Sens. Josh Hawley and Ted Cruz urged the Federal Trade Commission (FTC) to investigate America’s largest technology companies’ censorship practices, given their “enormous influence” and the “alarming and endless” possibilities for abuse.
Sens. Hawley (R-MO) and Cruz (R-TX), two of the Senate’s most vocal opponents against big tech censorship, wrote a letter to the FTC, urging the consumer protection agency to use its section 6(b) authority to investigate how America’s largest tech companies censor and make those findings public.
Cruz and Hawley said that the FTC can use federal code 15 U.S.C. § 46(b) to investigate companies to investigate the big tech companies’ “conduct” and “practices.” The FTC can collect non-public information from companies and study matters relating to competition and consumer protection. The consumer protection agency also started a task force to investigate potential anti-competitive conduct by big tech.
The senators wrote to the FTC:
Big tech companies like Google, Facebook, and Twitter exercise enormous influence on speech. The vast majority of internet traffic flows through just a handful of these companies. They control the ads we see, the news we read, and the information we digest. And they actively censor some content and amplify other content based on algorithms and intentional decisions that are completely nontransparent. Never before in this country have so few people controlled so much speech.
The letter to the FTC arises as President Donald Trump held a social media summit at the White House last week, which criticized big tech’s censorship of conservatives. President Trump praised Sen. Hawley’s legislation to audit social media companies’ content moderation processes for political bias as “very important.” A majority of Republicans and independents support the legislation, and 46 percent of Democrats favor the bill.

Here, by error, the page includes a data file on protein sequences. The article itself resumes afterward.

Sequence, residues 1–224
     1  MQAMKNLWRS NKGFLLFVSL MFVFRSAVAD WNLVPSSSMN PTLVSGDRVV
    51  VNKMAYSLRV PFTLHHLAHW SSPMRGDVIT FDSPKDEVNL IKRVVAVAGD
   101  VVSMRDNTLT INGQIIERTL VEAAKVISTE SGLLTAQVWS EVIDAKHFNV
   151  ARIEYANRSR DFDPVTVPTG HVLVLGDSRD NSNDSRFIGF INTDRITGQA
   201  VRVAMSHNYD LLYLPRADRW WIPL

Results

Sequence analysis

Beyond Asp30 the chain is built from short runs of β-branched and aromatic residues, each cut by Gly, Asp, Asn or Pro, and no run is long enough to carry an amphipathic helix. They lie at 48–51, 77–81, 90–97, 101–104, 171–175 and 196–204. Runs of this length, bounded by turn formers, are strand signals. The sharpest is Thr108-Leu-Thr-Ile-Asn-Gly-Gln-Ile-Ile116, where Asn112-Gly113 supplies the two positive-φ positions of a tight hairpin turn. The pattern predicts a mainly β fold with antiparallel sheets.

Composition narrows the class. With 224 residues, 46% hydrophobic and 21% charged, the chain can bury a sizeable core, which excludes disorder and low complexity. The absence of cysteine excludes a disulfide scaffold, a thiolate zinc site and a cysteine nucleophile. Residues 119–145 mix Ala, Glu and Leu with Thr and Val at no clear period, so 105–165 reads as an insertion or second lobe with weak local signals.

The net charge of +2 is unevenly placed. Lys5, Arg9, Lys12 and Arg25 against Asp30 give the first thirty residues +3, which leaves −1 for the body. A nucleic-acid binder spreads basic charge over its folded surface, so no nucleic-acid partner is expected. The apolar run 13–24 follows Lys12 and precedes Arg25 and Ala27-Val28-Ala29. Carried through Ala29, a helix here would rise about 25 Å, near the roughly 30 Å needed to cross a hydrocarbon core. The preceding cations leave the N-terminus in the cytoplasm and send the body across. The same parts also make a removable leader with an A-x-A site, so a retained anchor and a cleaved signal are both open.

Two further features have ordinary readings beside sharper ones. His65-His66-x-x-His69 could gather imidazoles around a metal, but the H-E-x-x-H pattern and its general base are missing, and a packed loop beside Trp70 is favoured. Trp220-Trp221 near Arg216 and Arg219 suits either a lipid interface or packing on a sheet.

Sens. Hawley and Cruz noted that given these companies “enormous influence,” the possibilities for abuse “are alarming and endless.”
Cruz, the chairman of the Senate Judiciary Subcommittee on the Constitution, will hold a hearing on Google’s censorship practices through its search engine. Hawley, also a member of the Senate Judiciary Committee, will attend the hearing.
The senators noted that it remains challenging to capture the scope of big tech censorship outside of account suspensions, given the endless ways big tech companies can downrank and censor content. They explained:
The possibilities for abuse in this area are alarming and endless. Apart from more salient examples of censorship like account suspensions, nobody knows who or what these companies censor or amplify. Most content curation occurs in ways impossible for outsiders to detect. Some content is downgraded: the content appears in fewer recommendations, lower on search pages, and less often in news feeds. Other content is amplified through the same means.
Further, the senators charged that with the big tech companies’ “immense power,” they can “sway elections” by changing how Americans view content online.
“By controlling the content we see, these companies are powerful enough to—at the very least—sway elections. And we’re told we have to be satisfied simply with trusting them not to abuse this immense power,” they added.
Dr. Robert Epsetin, a senior research psychologist at the American Institute for Behavioral Research and Technology, recently told Fox News Channel’s Tucker Carlson that big tech could shift up to 15 million votes by changing its algorithms and content moderation processes.
Epstein told Carlson in June that big tech “can shift upwards of 15 million votes with no one knowing they have been manipulated and without leaving a paper trail for authorities to trace.”
“Companies that are this big and that have the potential to threaten democracy this much should not be allowed to curate content entirely without any transparency. These companies can greatly influence democratic outcomes, yet they have no accountability to voters,” Hawley and Cruz added. “They are not even accountable to their own customers because nobody knows how these companies curate content.”
Read Sens. Hawley and Cruz’s letter to the FTC here.